Tezuka's enduring impact on Japanese popular culture - indeed, on world popular culture - is nearly impossible to overstate. He was truly an exceptionally influential artist.

Best Known for Today:

  • Introducing the "big eyed" characters that are omnipresent in anime and manga (his influences: Bambi and Betty Boop).
  • Incorporating cinematic action into manga, which had been a static art form prior to Tezuka's handling.
  • Popularizing manga in Post-war Japan.
  • Creating anime. (Two short words that now represent a multi-billion dollar global industry. Yearly.)
  • Influencing new generations of manga-ka and animators.
  • Making becoming a manga-ka or animator as lofty a goal as, say, becoming a physician. Perhaps even more lofty as goals and, thanks to Tezuka, highly respected and financially rewarding ones.

Important Works:

  • Jungle Taitei (Jungle Emperor), 1950-54. Later released as the animated series Kimba the White Lion in the U.S.
  • Tetsuwan ATOM (Astro Boy), 1952-68
  • Ribon no Kishi (Princess Knight), 1953-56
  • Hi no Tori (The Phoenix), 1956-89. Tezuka's personal favorite and the series he worked on continuously from its inception until his death.
  • Black Jack, 1973-83
  • Buddha, 1974-84
  • The Stories of Three Adolfs, 1983-85

See pictures of Tezuka Osamu's work in the Special Exhibition Gallery Tezuka: The Marvel of Manga.

Date and Place of Death:

February 9, 1989, Tokyo, Japan; of stomach cancer. His posthumous Buddhist name is "Hakugeiin Denkakuenju Shodaikoji."

How To Pronounce "Tezuka Osamu":

  • tezz·oo·kah oss·ah·moo

(Note: This is the Japanese styling, family name first and given name second. If you'd prefer to say the artist's name Western-style, simply switch the order of the two words.)

Quotes From Tezuka Osamu:

  • I felt [after the war] that existing comics were limiting. Most were drawn as if seated in an audience viewing from a stage, where the actors emerge from the wings and interact. This made it impossible to create dramatic or psychological effects, so I began to use cinematic techniques. French and German movies that I had seen as a schoolboy became my model. I experimented with close-ups and different angles, and instead of using only one frame for an action scene or the climax (as was customary), I made a point of depicting a movement or facial expression with many frames, even many pages. The result was a super-long comic that ran to 500, 600, even 1,000 pages. I also believed that comics were capable of more than just making people laugh. So in my themes, I incorporated tears, grief, anger, and hate, and I created stories where the ending was not always happy.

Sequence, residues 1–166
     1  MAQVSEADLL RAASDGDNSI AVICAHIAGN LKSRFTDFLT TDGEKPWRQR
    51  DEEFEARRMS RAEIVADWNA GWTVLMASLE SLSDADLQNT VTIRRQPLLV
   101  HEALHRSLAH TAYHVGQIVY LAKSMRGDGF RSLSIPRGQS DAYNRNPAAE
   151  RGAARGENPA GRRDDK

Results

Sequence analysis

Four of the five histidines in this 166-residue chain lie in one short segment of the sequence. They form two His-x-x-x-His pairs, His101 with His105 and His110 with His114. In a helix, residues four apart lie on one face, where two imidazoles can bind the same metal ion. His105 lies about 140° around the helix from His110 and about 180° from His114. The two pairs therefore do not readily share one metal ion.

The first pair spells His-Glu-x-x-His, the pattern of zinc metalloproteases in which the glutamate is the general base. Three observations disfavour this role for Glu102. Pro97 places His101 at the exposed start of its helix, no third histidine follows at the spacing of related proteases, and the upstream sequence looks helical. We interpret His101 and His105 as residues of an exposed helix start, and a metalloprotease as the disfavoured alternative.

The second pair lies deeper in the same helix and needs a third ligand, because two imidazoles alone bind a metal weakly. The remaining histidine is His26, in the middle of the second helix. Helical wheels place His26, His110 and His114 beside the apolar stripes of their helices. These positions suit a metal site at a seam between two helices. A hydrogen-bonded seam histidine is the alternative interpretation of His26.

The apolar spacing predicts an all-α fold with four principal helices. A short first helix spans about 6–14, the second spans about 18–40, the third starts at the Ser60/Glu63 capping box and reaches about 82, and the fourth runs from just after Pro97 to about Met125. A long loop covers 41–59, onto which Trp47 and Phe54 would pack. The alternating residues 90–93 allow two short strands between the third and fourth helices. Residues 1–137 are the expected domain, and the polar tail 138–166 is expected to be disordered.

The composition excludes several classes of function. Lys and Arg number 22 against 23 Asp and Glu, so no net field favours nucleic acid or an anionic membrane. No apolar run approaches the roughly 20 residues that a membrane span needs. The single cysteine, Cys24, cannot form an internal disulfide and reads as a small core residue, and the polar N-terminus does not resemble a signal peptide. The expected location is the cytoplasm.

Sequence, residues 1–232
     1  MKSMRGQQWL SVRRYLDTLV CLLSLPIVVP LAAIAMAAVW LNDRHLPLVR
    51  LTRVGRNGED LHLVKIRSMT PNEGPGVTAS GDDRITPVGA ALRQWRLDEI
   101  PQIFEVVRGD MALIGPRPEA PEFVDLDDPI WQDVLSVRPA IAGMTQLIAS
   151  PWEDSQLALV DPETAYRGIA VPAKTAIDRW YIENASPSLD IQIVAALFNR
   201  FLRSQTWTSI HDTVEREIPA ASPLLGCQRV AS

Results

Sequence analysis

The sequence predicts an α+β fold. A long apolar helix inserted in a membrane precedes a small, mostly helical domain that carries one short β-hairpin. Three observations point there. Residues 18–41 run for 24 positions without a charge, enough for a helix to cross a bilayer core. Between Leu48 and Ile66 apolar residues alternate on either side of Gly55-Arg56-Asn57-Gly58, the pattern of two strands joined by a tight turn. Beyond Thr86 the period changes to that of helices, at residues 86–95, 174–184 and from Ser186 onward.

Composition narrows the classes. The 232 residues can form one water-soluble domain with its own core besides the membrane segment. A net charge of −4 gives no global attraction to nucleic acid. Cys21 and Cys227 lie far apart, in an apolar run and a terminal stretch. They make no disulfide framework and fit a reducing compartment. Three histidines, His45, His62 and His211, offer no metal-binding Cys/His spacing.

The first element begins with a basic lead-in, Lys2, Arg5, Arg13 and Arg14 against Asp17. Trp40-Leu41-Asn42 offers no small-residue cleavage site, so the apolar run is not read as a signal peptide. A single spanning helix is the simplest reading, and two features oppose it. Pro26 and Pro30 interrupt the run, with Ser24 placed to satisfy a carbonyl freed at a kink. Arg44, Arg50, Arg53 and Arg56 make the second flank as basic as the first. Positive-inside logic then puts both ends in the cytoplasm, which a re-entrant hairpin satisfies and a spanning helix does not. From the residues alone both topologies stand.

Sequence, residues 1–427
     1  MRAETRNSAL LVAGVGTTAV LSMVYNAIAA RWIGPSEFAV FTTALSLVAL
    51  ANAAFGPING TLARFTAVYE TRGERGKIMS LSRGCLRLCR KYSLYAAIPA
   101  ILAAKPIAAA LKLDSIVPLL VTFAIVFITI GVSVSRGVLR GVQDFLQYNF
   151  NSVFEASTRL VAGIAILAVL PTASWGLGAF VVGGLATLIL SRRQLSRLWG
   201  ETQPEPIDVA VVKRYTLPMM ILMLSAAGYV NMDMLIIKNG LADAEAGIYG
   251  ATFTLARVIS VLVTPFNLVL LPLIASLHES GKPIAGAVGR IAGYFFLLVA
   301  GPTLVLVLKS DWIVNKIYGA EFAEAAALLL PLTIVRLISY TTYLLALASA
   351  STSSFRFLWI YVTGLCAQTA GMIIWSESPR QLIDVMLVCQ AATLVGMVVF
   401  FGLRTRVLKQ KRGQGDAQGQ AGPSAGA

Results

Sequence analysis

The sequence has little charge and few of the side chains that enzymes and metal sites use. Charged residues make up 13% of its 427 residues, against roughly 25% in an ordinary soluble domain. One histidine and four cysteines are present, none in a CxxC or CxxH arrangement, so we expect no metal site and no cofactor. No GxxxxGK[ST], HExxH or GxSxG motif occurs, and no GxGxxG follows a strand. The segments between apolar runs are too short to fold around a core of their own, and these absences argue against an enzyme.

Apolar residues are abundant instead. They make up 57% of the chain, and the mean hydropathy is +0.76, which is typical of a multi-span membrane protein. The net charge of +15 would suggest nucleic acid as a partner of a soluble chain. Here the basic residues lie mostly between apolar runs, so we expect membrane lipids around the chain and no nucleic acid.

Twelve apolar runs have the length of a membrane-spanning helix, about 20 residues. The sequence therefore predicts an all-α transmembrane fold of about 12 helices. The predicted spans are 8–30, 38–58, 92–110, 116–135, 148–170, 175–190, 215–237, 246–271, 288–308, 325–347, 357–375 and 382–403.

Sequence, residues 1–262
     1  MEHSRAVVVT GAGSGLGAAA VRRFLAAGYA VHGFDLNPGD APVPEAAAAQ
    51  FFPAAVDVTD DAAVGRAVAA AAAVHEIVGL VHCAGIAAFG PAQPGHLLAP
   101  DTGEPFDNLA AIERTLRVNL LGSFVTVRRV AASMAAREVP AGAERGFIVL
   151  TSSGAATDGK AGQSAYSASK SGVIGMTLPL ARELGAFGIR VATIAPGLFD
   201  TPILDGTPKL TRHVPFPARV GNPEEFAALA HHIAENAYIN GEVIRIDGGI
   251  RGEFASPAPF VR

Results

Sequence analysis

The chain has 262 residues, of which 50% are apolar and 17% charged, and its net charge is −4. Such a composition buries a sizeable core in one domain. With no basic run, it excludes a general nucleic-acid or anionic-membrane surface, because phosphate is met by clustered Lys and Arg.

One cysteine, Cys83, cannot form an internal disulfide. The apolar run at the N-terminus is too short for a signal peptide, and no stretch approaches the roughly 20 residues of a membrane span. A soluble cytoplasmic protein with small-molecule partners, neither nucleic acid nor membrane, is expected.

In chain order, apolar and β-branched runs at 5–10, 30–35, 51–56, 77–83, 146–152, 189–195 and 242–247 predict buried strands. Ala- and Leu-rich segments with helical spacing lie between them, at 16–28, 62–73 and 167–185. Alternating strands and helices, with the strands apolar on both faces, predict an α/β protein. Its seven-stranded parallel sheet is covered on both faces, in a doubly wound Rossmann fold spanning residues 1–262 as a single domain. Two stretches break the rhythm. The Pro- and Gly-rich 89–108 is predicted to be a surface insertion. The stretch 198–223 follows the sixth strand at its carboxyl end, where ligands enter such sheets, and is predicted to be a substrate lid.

• Manga is virtual. Manga is sentiment. Manga is resistance. Manga is bizarre. Manga is pathos. Manga is destruction. Manga is arrogance. Manga is love. Manga is kitsch. Manga is a sense of wonder. Manga is … there is no conclusion yet.

     

  • I'm begging you, let me work! - reported by both his wife of nearly thirty years, Etsuko and Takayuki Matsutani, president of Mushi Productions (Tezuka's studio), to have been the artist's last words.

Sources and Further Reading

 

  • Gravett, Paul. Manga: 60 Years of Japanese Comics.
    New York: Collins Design, 2004.

 

  • Gresh, Lois; Robert Weinberg The Science of Anime: Mecha-Noids and AI-Super-Bots.
    New York: Thunder's Mouth Press, 2005.

 

  • Hornyak, Timothy N. Loving the Machine: The Art and Science of Japanese Robots.
    Tokyo: Kodansha International, 2006.

 

  • Schodt, Frederik L. Astro Boy Essays: Osamu Tezuka, Mighty Atom, and the Manga/Anime Revolution.
    Berkeley: Stone Bridge Press, 2007.

 

  • Schodt, Frederik L. Dreamland Japan: Writings on Modern Manga.
    Berkeley: Stone Bridge Press, 1996.